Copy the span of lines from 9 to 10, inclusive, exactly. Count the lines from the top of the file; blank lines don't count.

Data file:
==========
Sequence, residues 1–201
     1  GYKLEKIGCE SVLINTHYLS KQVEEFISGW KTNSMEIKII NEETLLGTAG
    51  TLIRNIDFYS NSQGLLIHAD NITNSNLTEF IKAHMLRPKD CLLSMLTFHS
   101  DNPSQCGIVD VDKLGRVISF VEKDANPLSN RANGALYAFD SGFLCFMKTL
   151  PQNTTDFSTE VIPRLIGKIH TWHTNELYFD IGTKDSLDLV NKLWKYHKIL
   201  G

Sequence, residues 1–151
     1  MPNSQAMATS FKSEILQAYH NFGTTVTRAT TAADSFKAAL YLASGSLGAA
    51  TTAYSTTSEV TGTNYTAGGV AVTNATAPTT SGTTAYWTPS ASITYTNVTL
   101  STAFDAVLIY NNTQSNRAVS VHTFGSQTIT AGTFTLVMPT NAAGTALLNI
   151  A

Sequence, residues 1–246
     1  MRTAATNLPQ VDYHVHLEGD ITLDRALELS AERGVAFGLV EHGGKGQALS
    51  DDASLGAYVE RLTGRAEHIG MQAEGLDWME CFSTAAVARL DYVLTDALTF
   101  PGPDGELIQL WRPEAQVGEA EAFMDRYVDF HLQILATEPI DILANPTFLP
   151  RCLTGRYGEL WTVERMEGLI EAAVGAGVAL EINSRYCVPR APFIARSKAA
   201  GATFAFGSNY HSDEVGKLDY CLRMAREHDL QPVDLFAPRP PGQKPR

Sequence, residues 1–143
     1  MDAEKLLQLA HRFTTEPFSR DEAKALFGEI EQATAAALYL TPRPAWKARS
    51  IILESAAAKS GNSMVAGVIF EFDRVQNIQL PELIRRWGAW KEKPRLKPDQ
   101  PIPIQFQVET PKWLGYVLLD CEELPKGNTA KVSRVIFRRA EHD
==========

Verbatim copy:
    51  TTAYSTTSEV TGTNYTAGGV AVTNATAPTT SGTTAYWTPS ASITYTNVTL
   101  STAFDAVLIY NNTQSNRAVS VHTFGSQTIT AGTFTLVMPT NAAGTALLNI